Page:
What does it mean that God has pitched a tent for the sun?


Psalms 19:4

NIV - 4 Yet their voice goes out into all the earth, their words to the ends of the world. In the heavens God has pitched a tent for the sun.

Clarify Share Report Asked June 11 2014 Stringio Colin Wong Supporter

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Dave2 David P. Larsen
Great question. As a poet and a wordsmith, perhaps I can help us 'shed some light' on this verse. 

Much of the Scriptures contain literary tools such as metaphor (drawing comparisons), hyperbole (exaggerations), and Personification (giving human characteristics to inanimate objects). The use of these literary tools is common in literature, and can help us understand things that might be difficult otherwise, or at least be a fresh way to understand the concept more fully. This kind of literature is common in the poetic books like Psalms especially. This is one of the reasons they are considered to be some of the best poetic writings in the history of mankind. 

The first part of Psalm 19 is a good example of these literary devices. In my opinion it may be one of the best in all of Scripture and worth memorizing for its beauty and insight. 

Of course the writer is not saying in Psalm 19:4 that God put up a piece of fabric over the sun; it would be hopelessly naive to think that. It is obviously a metaphor that compares or explains who God is, what he is capable of. The preceding verses speak to the same thing; that is, the incredible vastness of the creation 'speaking' to us constantly about how incredibly big and great God really is. When we look at the sun, moon, and stars, can there really be any question that there is something really, really big out there that created all that. Interestingly, the more we study space and distant galaxies, the less we can really explain their existence and origin. These things are worth studying, but they are quite literally beyond our comprehension. Astronomers are some of the most intelligent people on earth, and yet there is more that we do not know, than what we do know about all there is to know about the 'heavens'. We could spend our whole lifetime studying these things (and some do), and never come close to the end of all the 'knowledge' that is 'communicated' (see vs. 2). What kind of power and knowledge could actually create, or make all this exist? Wow, Wow, and Wow. It is dishonest, or impossible to not be in awe of the greatness of the 'heavens' or space, and thus the one behind it all. This is the overall meaning of the first 4 verses in Psalm 19. God is so big He could put a tent over the sun, and then some.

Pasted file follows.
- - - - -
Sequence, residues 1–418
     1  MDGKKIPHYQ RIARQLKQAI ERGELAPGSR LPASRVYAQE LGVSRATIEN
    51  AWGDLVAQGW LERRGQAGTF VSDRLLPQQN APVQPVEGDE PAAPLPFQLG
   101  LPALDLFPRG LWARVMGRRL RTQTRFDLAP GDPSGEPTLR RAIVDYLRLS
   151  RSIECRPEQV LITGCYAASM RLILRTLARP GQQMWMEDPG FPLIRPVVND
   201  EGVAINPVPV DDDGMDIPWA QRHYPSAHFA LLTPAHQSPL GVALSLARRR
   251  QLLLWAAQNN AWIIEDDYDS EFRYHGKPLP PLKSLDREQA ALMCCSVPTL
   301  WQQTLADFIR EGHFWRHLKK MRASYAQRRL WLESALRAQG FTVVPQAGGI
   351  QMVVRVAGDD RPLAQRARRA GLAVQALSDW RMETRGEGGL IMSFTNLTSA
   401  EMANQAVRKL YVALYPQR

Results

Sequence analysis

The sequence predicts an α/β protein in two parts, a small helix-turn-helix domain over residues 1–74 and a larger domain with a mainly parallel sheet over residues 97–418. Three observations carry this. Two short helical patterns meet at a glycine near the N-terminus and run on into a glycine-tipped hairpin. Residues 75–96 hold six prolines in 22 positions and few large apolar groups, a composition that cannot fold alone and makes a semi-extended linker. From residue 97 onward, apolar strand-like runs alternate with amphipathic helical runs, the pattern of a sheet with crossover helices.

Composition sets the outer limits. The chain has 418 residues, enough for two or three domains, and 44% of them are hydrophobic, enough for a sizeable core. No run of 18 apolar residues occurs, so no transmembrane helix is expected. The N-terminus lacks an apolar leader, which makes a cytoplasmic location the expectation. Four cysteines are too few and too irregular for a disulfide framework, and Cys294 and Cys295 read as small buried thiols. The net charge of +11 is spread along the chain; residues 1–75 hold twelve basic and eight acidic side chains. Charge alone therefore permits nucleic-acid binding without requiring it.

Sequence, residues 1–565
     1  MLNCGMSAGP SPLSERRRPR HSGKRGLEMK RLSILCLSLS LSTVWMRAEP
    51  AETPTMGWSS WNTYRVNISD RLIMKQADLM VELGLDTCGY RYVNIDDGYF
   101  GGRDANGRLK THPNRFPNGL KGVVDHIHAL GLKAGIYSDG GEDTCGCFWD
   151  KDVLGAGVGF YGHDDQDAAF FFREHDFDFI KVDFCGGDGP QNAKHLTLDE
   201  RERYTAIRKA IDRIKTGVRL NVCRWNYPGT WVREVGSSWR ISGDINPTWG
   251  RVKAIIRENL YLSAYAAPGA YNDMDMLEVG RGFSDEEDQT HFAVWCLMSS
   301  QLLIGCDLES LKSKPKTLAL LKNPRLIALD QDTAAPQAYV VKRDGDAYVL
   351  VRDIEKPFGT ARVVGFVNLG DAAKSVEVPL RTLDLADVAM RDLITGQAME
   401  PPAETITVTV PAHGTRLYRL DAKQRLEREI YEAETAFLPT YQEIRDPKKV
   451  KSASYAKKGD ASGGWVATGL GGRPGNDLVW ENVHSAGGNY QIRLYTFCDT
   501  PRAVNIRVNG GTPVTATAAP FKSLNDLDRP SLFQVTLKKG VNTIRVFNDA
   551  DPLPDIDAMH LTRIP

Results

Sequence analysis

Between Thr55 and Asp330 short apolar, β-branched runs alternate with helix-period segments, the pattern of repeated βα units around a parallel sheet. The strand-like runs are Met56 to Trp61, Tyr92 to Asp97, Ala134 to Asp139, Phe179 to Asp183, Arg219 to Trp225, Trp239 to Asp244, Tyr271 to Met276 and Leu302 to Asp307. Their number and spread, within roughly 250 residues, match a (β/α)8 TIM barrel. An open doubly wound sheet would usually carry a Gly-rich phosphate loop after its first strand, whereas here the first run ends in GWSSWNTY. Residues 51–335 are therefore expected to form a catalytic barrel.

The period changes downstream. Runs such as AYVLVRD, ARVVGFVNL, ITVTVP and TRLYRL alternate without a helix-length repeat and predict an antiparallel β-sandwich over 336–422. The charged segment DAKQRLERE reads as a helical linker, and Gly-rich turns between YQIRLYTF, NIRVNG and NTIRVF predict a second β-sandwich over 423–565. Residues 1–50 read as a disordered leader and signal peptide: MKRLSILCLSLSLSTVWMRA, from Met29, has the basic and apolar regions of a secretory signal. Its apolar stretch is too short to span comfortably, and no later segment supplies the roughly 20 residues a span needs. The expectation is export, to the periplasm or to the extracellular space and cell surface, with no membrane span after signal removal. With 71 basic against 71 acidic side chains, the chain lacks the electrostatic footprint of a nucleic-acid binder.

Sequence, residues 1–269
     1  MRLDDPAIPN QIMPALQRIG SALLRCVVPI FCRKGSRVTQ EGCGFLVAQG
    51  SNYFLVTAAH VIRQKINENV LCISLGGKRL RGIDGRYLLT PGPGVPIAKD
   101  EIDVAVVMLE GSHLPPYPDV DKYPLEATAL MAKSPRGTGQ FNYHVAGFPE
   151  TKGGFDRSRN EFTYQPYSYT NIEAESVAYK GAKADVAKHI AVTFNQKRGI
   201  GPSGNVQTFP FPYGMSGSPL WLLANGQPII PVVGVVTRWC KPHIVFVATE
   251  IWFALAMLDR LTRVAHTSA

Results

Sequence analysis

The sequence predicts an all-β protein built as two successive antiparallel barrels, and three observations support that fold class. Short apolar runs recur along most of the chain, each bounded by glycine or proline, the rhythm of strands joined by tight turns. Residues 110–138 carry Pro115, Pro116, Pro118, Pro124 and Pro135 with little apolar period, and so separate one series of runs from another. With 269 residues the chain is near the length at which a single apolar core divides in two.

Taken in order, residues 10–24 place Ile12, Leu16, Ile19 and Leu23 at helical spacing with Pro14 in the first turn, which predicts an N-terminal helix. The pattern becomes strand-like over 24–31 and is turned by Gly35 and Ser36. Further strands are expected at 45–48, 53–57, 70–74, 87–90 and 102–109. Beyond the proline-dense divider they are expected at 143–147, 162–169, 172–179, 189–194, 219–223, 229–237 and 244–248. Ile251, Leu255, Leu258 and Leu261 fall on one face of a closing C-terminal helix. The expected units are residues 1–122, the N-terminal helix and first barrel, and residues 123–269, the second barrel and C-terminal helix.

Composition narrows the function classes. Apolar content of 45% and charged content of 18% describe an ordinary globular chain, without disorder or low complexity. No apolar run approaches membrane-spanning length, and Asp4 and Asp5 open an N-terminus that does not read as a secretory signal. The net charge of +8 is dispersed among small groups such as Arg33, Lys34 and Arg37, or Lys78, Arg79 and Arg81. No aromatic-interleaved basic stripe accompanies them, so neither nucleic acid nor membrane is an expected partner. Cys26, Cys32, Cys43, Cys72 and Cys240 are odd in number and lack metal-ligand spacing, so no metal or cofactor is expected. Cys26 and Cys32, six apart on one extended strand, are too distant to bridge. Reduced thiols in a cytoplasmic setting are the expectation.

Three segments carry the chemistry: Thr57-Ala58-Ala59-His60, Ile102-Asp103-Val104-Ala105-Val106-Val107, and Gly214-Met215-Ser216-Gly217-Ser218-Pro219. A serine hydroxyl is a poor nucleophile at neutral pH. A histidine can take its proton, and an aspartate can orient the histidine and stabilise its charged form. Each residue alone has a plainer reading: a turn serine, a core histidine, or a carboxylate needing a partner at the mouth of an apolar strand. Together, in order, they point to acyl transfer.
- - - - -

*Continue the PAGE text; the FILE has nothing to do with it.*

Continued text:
Sometimes there can be some literal truth in these poetic passages, but of course it is dangerous to assume they always do. Most do not. They are just literary and not literal. Some poetic passages probably do give or reveal actual scientific hints, or facts, such as Proverbs 8:27, and Isaiah 40: 22 that may refer to the universe and earth being round, or 'circular' in shape. However it is important to understand that this is not the main meaning or purpose of these kinds of verses, but rather to again show the incredible greatness and glory of God. It would be a mistake to assume that everything referred to in a poetic passage can be taken as fact. For instance Isaiah 66:1 refers to the earth as the 'Lord's footstool'. It is very unlikely that there is any hidden knowledge or clue that God has any kind of actual 'feet' that he rests on the 'earth'. The correct meaning would be more accurately stated as God is so big and sovereign over the earth, it's like a 'footstool' to Him. 

Applying this to Psalm 19:4 then, it is possible that the 'tent' over the sun contains a scientific clue to something that is as yet not fully understood, such as some energy, or force that is over the sun that is perhaps covering, or pressing the universe into it's shape. However it is probably more likely that it's just referring to the grand greatness of God in a metaphorical and poetic way. 

Both His Creation, and His Word constantly speak to us about His incredible power, beauty, ability, and knowledge. We should be in awe and fear of all this. It's obvious as Paul stated in Romans (1:19-20). It is also the beginning of all wisdom (Psalm 111:10, Pr. 1:7, Pr. 9:10 & others).

January 02 2015 1 response Vote Up Share Report

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